Have you ever heard the term inchoate offense? Have you been or are you currently charged with solicitation, conspiracy, or attempt to commit a crime in Colorado? You are in the right place! In Colorado, an individual can be charged with something called an “inchoate” offense. An individual can be charged with an “inchoate” offense when that person involves others in the commission of a crime, attempts to complete a crime, or takes an “overt act” in the completion of the crime, but does not actually complete the intended crime.
Let’s try and unpack this a little.
What is an Inchoate Offense? Here Are Some Examples:
Solicitation (C.R.S.A. § 18-2-301)
What is criminal solicitation?
Solicitation can be considered an inchoate offense. One can be found guilty of solicitation if he or she commands, induces, entreats, or otherwise attempts to persuade another person, or offers his or her services or another’s services to a third person, to commit a felony, whether as principal or accomplice, with intent to promote or facilitate the commission of that crime, and under circumstances strongly corroborative of that intent. C.R.S.A. § 18-2-301.
So what does this mean? If one person asks, commands, or attempts to get another person to commit a crime they are potentially liable for criminal solicitation under Colorado Criminal law. A situation where a party asks another to commit a crime with him or her does not meet the requirements of solicitation but may fall under criminal conspiracy.
What is a defense once I have solicited another to commit a crime?
Even if you have solicited another party to commit a crime or reach an unlawful objective, there is still time to escape liability before the crime has been completed, this is called Renunciation. To claim the defense of renunciation after already soliciting another to commit a crime, one must prevent the commission of the felony, and the effort to stop the crime is both complete and voluntary. Complete means the party will never commit the crime again, just waiting a week or changing the time of the crime would be considered incomplete and is not a defense. Voluntary means the person decided not to go through with the crime due to their own choice not because the crime became harder to complete or the police were present before the crime was committed.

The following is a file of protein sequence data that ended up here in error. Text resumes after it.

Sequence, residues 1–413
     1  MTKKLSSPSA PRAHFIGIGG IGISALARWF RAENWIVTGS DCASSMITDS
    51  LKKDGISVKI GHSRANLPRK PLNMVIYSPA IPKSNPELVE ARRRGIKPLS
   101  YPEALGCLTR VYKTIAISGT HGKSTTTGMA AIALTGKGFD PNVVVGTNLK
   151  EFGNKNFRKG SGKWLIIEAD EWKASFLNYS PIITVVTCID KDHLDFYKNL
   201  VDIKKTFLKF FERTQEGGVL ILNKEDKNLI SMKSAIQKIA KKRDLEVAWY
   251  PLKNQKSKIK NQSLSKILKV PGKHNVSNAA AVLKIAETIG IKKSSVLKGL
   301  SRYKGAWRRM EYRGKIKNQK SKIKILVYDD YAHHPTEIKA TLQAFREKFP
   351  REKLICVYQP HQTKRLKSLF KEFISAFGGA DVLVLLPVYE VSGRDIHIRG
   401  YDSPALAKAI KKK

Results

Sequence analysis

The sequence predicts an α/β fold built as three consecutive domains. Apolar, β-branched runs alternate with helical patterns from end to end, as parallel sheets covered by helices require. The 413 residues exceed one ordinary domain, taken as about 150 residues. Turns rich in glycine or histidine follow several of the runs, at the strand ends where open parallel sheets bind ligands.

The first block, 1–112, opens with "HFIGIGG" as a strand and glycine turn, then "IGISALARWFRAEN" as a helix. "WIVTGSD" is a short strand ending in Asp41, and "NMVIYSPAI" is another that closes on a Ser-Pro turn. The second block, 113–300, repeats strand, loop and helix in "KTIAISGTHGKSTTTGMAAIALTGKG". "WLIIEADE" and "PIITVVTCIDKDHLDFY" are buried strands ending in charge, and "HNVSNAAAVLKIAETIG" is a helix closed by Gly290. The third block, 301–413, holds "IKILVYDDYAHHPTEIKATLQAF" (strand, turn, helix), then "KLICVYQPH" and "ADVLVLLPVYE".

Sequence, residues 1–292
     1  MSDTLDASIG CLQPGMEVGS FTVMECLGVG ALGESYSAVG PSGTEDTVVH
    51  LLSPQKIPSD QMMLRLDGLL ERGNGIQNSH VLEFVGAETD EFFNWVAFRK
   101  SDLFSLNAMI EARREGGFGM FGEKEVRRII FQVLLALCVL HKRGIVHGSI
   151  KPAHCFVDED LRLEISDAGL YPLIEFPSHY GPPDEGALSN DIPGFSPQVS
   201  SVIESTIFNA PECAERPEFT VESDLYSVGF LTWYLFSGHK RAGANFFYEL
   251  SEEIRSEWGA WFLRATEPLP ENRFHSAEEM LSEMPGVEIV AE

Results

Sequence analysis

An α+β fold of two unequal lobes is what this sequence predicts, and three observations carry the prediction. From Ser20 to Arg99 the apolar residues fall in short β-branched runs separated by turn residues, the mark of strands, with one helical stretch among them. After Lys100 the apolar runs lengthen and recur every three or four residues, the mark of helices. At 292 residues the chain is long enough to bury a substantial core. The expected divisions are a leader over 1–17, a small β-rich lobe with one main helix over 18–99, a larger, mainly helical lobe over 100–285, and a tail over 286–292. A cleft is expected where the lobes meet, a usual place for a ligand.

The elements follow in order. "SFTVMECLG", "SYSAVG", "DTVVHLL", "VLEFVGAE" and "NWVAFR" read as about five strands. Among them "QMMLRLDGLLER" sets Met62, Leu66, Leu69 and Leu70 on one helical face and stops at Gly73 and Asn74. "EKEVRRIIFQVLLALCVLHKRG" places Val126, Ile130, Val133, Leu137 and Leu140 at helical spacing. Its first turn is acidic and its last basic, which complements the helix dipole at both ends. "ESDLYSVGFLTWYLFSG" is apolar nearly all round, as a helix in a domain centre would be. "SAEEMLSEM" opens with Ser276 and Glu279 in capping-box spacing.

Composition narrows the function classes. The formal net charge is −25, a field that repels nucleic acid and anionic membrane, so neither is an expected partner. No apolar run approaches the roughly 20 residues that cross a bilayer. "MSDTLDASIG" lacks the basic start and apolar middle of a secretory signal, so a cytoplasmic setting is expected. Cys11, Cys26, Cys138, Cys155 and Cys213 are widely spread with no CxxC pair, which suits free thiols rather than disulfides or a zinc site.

Examples of Solicitation of a Crime
- A asks B to rob a jewelry store. A is guilty of solicitation
- A asks B to rob a jewelry store together. A not guilty of solicitation
- A asks B to rob a jewelry store. A decides not to do it, stops B from doing it and has no intent to rob the store again. Not guilty of Solicitation because of the renunciation defense.
Conspiracy (C.R.S.A. § 18-2-201)
What is a criminal conspiracy?
Conspiracy can be considered an inchoate offense. A person can be found guilty of criminal conspiracy if he agrees with another that they will engage in conduct that constitutes a crime or an attempt to commit a crime. One must have the intent to promote or facilitate the commission of the crime. Helping in the planning of a crime or in the attempt/commission of the crime. C.R.S.A. § 18-2-201. If two people conspire to commit multiple crimes it is still just one big conspiracy involving both parties.
Differences between solicitation and conspiracy?